In these stressful and divisive times do not despair, let’s dance with others who hear the music; and tell the story of what makes America great… the pursuit of a just society.

Happy Thanksgiving to you all Relatives…dance to the music and let us heal.

P.S.    Remember the CTHF ( clowntownhealingfest.com )

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Make America Sane Again, Come to the CTHF

November 7th, 2016

Tomorrow is election day, finally…finally an end to the daily vitriol. Whatever the outcome, the bad news is that it’s going to leave us a divided nation; lots of bad feelings are left over from this ugly, divisive campaign; and I fear that we will continue to separate ourselves from each other, unable to define some common good for this Nation.

But in the midst of last week’s gloom, something happened that reminded me that hope for this Country is not lost. We still have the capacity to come together and heal in community. The Chicago Cubs won their first World Series in 108 years. It may be the most thrilling final Series game I’ve ever seen. From the moment the game ended people poured into the streets, Chicagoan’s of every color, creed, and socioeconomic group, gathered around Wrigley Field. Whole families came to to revel in the excitement, and inscribe the names of their die-hard Cub’s fan parents and grandparents on the Stadium walls. Their relatives may not have lived to see this day, but they were surely there in spirit to feel the bliss.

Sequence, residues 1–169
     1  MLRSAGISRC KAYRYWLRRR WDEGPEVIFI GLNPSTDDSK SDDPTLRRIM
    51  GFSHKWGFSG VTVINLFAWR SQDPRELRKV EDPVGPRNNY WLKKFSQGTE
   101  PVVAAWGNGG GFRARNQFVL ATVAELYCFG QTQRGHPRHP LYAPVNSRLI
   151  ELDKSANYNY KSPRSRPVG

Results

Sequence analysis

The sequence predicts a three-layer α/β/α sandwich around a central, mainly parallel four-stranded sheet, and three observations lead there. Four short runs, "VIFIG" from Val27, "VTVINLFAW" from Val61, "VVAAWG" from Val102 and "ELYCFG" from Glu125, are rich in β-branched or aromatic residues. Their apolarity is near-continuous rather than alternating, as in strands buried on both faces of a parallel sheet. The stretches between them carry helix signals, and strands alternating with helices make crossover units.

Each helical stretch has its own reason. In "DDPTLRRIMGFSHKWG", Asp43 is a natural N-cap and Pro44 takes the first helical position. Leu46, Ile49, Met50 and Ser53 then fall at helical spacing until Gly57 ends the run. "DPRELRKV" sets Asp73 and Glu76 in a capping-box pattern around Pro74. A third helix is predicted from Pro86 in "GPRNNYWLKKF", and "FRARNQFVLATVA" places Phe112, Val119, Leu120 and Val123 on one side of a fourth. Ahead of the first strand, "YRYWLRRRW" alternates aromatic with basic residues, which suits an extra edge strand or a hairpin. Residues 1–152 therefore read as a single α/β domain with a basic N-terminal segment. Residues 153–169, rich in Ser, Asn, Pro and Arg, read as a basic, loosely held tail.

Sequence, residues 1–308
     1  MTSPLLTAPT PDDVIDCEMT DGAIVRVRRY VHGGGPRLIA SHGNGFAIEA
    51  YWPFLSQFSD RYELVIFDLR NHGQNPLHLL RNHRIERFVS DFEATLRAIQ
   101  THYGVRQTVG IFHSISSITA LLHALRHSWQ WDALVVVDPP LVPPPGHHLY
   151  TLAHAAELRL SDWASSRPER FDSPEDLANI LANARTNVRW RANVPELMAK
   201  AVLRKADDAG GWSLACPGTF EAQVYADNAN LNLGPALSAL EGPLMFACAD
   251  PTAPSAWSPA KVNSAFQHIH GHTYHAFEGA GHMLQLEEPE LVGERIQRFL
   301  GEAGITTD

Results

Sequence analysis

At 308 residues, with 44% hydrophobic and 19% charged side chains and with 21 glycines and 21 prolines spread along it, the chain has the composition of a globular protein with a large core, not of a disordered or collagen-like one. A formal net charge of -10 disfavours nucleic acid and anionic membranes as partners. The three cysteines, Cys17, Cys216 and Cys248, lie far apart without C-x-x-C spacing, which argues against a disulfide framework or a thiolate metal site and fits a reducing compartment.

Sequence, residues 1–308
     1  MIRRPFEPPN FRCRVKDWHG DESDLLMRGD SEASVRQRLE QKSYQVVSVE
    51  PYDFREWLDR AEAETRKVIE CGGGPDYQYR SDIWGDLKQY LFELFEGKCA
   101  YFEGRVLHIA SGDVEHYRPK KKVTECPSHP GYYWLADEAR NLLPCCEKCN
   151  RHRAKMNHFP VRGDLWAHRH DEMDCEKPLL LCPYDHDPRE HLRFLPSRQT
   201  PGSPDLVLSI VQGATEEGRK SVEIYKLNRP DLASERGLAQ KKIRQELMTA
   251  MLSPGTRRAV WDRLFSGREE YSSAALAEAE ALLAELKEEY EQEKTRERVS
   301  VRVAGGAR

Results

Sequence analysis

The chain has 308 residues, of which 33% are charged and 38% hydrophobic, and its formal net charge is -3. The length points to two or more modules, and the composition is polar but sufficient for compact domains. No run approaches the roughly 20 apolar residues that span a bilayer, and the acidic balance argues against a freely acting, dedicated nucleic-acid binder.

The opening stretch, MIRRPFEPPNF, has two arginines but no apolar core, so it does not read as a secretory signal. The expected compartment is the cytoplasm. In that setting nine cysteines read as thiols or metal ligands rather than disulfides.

It is in joyful community celebrations that we heal the wounds of our separations and become sane again. We are going to do just that in Phoenix , Arizona on February 24 – 26, 2017, when we launch the second ClownTown Healing Fest.

Last year’s inaugural success demonstrated the cultural shift toward preventive health. We mobilized a broad spectrum of healthcare resources to teach, demonstrate, and participate with people to inspire them to get well before they get sick.

This year we are expanding our inner-city partnerships to bring this message to an even larger audience. There will be exhibits, demonstrations, activities, speakers, panels, music, and clowns. Take a look at what’s happening this year at (clowntownhealingfest.com.). Help us share this healing vision, tell your friends. If you’re a healthcare professional interested in learning how to intensely connect with people in a short period of time come to the Clown Healing Workshop; look at the creative program that includes Dr. Patch Adams, the world’s most recognized humanitarian clown, along with an internationally acclaimed faculty, and learn the magic of becoming a Truth Fairy.